While some find the Scarborough artist's Mercer Union show triggering, I see an opportunity for a much-needed and healing conversation
MEDICINE FOR A NIGHTMARE (THEY CALLED, WE RESPONDED) by NEP SIDHU at Mercer Union (1286 Bloor West). To March 23. nepsidhu.com.
Nep Sidhu’s art work is beautiful and it is painful. In his debut, solo exhibition, Medicine For A Nightmare (they called, we responded), Sidhu has attempted to memorialize Operation Blue Star, the government of India’s 1984 attack on Harmandir Sahib, the holiest of Sikh sites in Amritsar, Punjab, India. His sculptural pieces are poetic but, as in poetry, where missing words and punctuation allow for interpretation, gaps in the exhibition have caused polarized reactions among Sikh viewers.
Since seeing the show in February, I have been consumed by questions about a history I thought I was familiar with. I have an unshakable need to sit with my maternal grandmother, who passed away almost 13 years ago, and talk to her about the intergenerational trauma that we Sikhs carry. I felt immediate gratitude that Sidhu had brought the attack to life – perhaps finally we can have a much-needed conversation about our collective trauma. My need for healing has never felt more urgent since seeing the show.
But Sidhu’s work has also agitated folks in the community. Talking with friends and fellow queer Sikhs interested in the arts, some feel the show references the extremist Khalistan movement – explicitly and implicitly – without providing adequate context and history in its curation. Born out of a response to the Indian government’s oppressive treatment of Sikhs, the separatist movement was further mobilized by Operation Blue Star. It still exists in Canada and other pockets of the Sikh diaspora, but no longer in India. It has been labelled a terrorist organization and connected to the 1985 Air India bombing.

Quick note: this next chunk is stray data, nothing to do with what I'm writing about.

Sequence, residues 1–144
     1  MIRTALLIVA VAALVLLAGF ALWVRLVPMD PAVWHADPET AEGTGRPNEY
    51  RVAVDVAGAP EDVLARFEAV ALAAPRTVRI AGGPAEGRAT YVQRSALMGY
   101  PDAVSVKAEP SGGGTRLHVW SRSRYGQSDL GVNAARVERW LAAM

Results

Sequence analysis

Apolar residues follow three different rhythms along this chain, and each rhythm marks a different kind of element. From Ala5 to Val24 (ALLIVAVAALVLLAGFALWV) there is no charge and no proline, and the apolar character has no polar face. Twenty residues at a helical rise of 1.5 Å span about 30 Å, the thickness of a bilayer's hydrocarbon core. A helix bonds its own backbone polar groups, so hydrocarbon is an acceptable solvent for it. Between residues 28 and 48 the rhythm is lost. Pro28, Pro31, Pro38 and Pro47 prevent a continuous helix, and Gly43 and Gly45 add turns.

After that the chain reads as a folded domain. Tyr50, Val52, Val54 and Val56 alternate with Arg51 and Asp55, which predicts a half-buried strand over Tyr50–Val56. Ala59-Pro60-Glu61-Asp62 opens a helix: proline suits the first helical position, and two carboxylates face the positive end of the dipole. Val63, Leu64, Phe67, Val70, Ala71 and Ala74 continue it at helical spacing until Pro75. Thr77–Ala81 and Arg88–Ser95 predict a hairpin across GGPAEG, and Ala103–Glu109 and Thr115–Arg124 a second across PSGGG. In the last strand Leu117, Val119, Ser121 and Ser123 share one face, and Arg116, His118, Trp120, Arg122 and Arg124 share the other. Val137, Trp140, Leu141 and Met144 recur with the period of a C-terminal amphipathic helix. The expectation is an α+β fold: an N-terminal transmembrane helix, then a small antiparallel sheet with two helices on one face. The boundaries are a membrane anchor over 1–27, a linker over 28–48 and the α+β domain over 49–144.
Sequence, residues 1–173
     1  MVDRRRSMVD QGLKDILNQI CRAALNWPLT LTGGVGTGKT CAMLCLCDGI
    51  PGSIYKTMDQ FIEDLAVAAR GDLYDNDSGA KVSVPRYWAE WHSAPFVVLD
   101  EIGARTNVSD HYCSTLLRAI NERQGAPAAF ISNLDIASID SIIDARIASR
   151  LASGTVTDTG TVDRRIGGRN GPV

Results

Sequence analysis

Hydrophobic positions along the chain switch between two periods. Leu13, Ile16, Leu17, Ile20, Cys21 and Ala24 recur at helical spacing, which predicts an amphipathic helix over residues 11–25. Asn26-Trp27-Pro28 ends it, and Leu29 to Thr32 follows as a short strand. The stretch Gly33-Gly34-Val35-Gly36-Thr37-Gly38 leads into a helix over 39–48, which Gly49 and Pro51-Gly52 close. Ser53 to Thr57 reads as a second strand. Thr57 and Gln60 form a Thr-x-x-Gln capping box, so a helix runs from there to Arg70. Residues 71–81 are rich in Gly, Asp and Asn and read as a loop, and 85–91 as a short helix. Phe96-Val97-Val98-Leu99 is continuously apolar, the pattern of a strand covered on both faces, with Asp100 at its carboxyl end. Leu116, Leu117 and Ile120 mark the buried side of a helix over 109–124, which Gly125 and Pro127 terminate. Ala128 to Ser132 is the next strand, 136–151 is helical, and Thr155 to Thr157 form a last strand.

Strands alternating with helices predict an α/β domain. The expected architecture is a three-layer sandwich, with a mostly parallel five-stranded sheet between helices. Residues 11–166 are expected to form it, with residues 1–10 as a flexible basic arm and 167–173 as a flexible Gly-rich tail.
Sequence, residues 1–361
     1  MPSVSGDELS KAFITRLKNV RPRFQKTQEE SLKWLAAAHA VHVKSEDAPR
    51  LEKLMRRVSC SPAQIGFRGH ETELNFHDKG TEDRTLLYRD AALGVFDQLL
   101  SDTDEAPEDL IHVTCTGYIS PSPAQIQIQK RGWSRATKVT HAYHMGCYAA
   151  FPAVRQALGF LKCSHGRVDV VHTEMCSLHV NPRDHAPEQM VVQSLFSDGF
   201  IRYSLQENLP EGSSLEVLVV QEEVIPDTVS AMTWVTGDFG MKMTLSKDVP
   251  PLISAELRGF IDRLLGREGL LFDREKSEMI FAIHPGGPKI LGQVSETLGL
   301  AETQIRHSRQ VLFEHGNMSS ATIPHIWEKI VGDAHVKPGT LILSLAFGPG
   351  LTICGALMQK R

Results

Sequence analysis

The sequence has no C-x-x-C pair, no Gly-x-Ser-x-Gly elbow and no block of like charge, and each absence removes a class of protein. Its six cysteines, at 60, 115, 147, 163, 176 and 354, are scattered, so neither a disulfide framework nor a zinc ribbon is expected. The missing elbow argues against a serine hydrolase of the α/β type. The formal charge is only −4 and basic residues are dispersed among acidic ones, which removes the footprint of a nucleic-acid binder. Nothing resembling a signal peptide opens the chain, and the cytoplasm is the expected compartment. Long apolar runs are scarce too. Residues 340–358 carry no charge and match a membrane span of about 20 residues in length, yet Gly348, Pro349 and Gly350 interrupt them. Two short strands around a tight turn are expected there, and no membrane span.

Though some look at Sidhu’s work and feel triggered, I felt a sense of relief – an opportunity to talk so we can heal our way into the future.
Working in collaboration with Nicholas Galanin and Maikoiyo Alley-Barnes, the artist produced eight pieces for Medicine For A Nightmare: two tapestries, three hand-formed supersculptures (bust figures), a large photograph, a concrete sculpture and a sound recording. Each piece uses myriad materials and techniques to mirror the layers inherent in the story of Operation Blue Star, which is part of a larger historical story often seen through multiple lenses and perspectives.
Sidhu ornaments the busts with metallurgy in the form of daggers and swords engraved with Sikh scripture. These are weapons but could easily be read as jewellery. A concrete sculpture incorporates soil taken from the Golden Temple and Scarborough, water and symbolic carvings that mimic adornments worn by Nihang Sikhs. What may appear to be beautifully intricate patterns etched into concrete with metal detailing are actually identifiers of an armed warrior class of Sikhs. The bottom edge of the tapestry is framed by macramé and human hair, which is sacred to Sikhs, sweeping the ground. (In Indian culture, sacred objects like hair, food and books do not touch the ground.)